Punk bands don't receive the critical acclaim that they deserve. Punk has had such a heavy influence on rock, metal, and alternative music, yet for as long as punk has been around it still needs more mainstream recognition. Face to Face and it's supporting acts Daymare and Move Home provided a place where it's audience could release their frustration with society and unite with one another as a family. I didn't feel threatened by the atmosphere that I was in while rocking out to the bands that graced the stage at the Basement in Columbus, Ohio. Punk has often been criticized for causing its audience to "riot" over the topics of discussion that bands associated with punk music have written about, and not a single moment during the night that Face to Face headlined at the Basement did I see any such responses from the audience. At no point did any of the bands incite any destructive behavior from the audience. Even with the mosh pit that formed during Face to Face, I felt safe and free to feel the vibe of the music that was played that night.
Move Home was the first band to take the stage. Move Home hails from Columbus, Ohio. From the first note to the last, they commanded the stage like they had been dominating the music scene for decades. Their instrumentalists were some of the most talented musicians I've ever watched live, and their vocalist was able to dance with passion while bringing his vocal prowess to the mic. Every song touched me in a way that I felt like I was amongst a bigger crowd and connecting with the members of the band. The night started off with an unforgettable feeling of belonging, which was settling into my soul.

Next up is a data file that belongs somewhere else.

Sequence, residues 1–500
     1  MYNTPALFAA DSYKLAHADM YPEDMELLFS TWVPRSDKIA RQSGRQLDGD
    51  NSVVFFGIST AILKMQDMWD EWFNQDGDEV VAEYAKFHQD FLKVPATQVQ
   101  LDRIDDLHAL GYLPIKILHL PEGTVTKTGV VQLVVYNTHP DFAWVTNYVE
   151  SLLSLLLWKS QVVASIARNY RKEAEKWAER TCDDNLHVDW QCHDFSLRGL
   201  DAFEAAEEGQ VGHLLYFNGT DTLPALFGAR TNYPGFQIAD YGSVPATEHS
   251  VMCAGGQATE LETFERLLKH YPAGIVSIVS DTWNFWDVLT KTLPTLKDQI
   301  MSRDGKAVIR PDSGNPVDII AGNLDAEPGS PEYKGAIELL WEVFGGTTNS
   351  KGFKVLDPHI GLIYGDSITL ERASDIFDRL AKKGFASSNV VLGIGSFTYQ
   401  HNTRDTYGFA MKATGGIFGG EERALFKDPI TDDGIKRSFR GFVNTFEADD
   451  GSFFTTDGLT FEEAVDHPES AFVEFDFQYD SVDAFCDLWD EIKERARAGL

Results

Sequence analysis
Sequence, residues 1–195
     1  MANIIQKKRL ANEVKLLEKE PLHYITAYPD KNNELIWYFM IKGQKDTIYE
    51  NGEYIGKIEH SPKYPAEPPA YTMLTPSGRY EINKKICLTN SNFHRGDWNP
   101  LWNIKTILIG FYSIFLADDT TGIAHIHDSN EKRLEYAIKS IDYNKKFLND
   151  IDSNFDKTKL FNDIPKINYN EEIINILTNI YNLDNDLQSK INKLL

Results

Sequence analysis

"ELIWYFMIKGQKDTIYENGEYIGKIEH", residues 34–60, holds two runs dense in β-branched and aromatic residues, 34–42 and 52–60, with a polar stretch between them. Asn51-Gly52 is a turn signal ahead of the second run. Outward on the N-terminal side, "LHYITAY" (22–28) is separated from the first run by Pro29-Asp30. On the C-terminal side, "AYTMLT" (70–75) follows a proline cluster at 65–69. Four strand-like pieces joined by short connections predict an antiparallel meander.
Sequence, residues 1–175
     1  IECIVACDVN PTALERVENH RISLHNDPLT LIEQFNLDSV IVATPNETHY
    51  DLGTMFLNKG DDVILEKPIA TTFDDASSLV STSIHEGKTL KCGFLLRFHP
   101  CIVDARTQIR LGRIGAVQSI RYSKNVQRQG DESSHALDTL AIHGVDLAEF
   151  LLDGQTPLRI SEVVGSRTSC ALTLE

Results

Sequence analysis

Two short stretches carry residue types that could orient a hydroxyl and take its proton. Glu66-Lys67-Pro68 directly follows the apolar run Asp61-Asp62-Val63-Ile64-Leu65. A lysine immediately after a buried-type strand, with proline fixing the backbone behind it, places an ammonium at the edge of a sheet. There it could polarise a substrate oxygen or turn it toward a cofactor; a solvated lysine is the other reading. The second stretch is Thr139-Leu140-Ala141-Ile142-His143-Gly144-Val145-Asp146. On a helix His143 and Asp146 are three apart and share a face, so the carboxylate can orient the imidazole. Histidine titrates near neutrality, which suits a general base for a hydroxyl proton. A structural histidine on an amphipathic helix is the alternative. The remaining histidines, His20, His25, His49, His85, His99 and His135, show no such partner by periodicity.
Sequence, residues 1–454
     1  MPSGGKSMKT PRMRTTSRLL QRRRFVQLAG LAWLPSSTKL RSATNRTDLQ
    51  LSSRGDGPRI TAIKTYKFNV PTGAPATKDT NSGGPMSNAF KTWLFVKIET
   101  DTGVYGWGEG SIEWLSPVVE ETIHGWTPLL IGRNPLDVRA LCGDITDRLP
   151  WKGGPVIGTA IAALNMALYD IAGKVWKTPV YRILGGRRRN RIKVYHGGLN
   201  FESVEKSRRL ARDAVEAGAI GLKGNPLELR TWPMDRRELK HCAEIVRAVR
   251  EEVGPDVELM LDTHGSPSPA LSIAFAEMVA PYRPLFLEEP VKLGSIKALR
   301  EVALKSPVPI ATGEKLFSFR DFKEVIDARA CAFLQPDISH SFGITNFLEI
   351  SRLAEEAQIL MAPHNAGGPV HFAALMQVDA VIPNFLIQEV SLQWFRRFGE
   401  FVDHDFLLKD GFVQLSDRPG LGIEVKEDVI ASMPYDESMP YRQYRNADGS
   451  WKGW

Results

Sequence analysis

Daymare hit the stage next. Daymare is one of those bands that make you wonder why they haven't hit the big time yet. Their sound quality was crystal clear from the front row, and that is usually a harder goal to accomplish simply because of how far away the sound booth usually is from the front row. Every song they played brought you into their mindset from when they wrote each one. You could tell that they felt the energy in the venue that was coming from the audience as much as it was being poured out into the audience. The connection between the band and the audience was undeniably positive.
When Face to Face came on, the crowd really started to move like nobody was watching. For being around since 1991, the guys still had the ability to put out a unique energy that demanded respect and an equally unique kind of energy from the audience. Having already become spiritually engaged throughout the night, I felt like my soul had reached the peak of its existence as Face to Face continued to play their set. The punk vibe was in its purest form, that night. My soul had the freedom to speak out. Every song was a form of release of disappointment, frustration, and angst that so many people bottle up due to societal oppression of the outcast and nonconformist. Face to Face played with passion and heart, showing the audience their own form of release of those very things.
The night was about being a community of people with a voice and using that voice to say what was in our hearts and minds. The energy and the connection made me feel at home with myself and everyone else who was in attendance, as well as the musicians who played on stage. Punk is meant to be a movement that allows the individuals who live according to its beliefs of freedom of expression and self-awareness to utilize those beliefs to bring awareness of individuality and the need to come together to bring a positive change in this world. I hope that bands like Face to Face don't fall into societal oblivion. They and their supporting acts brought the audience a chance to come together and express themselves in a life-changing way. I can't wait for Face to Face to come back to Columbus, Ohio.